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January 23, 2012

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Iranian General Confirms that South Lebanon Is Under Iran's Influence (Daily Star-Lebanon)
    The head of Iran's Al-Quds Force of the Revolutionary Guards Corp, Brig. Gen. Qassem Suleimani, said Wednesday in Tehran:
    "In reality, in south Lebanon and Iraq, the people are under the effect of the Islamic Republic's way of practice and thinking."
    Mustafa Alloush, a former Lebanese MP, said Suleimani's remarks have "confirmed what we have been saying over the past years, that Hizbullah is part of the Iranian Revolutionary Guard."

Hizbullah Guarded Assad During Rally Appearance - Yousef Diab (Asharq Al-Awsat-UK)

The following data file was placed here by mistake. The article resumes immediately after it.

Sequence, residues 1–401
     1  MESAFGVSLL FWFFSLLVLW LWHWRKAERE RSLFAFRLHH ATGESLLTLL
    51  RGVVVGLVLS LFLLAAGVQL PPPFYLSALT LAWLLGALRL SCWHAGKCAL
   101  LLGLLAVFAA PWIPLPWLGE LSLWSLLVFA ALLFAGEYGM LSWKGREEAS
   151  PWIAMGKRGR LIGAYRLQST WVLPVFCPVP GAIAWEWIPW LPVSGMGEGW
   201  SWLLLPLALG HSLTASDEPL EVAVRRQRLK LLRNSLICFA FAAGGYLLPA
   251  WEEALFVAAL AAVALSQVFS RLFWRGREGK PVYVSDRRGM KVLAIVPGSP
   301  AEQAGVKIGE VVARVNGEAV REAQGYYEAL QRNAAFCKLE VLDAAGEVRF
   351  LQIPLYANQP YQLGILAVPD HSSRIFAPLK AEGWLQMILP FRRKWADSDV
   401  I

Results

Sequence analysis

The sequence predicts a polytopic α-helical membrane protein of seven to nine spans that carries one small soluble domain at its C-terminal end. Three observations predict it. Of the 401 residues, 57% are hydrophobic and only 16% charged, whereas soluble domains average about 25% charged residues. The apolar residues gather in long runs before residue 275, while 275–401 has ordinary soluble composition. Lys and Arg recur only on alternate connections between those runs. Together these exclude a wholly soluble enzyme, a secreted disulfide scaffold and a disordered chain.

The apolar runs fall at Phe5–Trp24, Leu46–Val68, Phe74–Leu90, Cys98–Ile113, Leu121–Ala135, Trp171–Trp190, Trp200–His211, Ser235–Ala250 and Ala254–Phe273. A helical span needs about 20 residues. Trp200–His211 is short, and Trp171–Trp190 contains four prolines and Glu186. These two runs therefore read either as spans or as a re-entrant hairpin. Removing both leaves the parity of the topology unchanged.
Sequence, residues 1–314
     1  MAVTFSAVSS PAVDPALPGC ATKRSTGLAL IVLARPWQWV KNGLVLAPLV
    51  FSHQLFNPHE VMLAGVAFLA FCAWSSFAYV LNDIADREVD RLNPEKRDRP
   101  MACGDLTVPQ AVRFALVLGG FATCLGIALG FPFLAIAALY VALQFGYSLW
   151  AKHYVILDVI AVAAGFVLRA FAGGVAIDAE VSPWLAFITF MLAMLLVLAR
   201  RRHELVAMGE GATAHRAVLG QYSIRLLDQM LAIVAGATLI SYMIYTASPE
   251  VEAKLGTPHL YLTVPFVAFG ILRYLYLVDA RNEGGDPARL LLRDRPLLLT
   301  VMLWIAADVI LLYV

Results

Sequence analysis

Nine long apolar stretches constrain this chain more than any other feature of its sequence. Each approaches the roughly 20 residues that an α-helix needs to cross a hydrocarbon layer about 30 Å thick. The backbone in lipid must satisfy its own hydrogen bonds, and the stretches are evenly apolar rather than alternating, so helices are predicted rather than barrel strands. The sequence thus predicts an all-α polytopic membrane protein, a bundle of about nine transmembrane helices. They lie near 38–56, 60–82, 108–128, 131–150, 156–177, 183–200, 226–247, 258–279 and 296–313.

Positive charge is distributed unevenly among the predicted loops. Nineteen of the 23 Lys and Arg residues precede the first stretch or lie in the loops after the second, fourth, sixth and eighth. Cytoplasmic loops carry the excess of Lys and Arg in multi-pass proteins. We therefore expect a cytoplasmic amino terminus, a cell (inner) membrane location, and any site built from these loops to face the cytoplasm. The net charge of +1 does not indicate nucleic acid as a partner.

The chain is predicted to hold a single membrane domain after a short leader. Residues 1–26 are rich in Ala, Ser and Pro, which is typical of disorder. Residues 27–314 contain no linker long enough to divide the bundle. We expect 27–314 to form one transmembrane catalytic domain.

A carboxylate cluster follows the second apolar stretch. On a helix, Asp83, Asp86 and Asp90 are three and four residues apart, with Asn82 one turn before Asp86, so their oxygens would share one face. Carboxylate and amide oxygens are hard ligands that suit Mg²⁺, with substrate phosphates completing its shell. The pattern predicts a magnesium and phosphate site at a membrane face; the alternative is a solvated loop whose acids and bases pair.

Lebanese Future movement Secretary-General Ahmad Hariri said in an interview that "when Bashar al-Assad appeared in the midst of supporters in Umayyad Square [in Damascus]... he was being guarded by members of the Hizbullah security apparatus."
    "More than 200 cars, in addition to a bus full of passengers, traveled from Lebanon to Syria, to secure the pro-Assad demonstration during Bashar al-Assad's appearance."
    Hariri also stressed that "large regions of Syria are outside of the control of the regime."
    See also Hizbullah, Iran Preparing for "Day after" Assad - Yaakov Katz (Jerusalem Post)
    Hizbullah and Iran are preparing for the "day after" in the event that President Bashar Assad's regime is toppled.
    "The assessment that Hizbullah will be severely impacted by Syria's downfall is unlikely since it will be able to fill the vacuum with assistance directly from Iran," a senior Israeli defense official explained.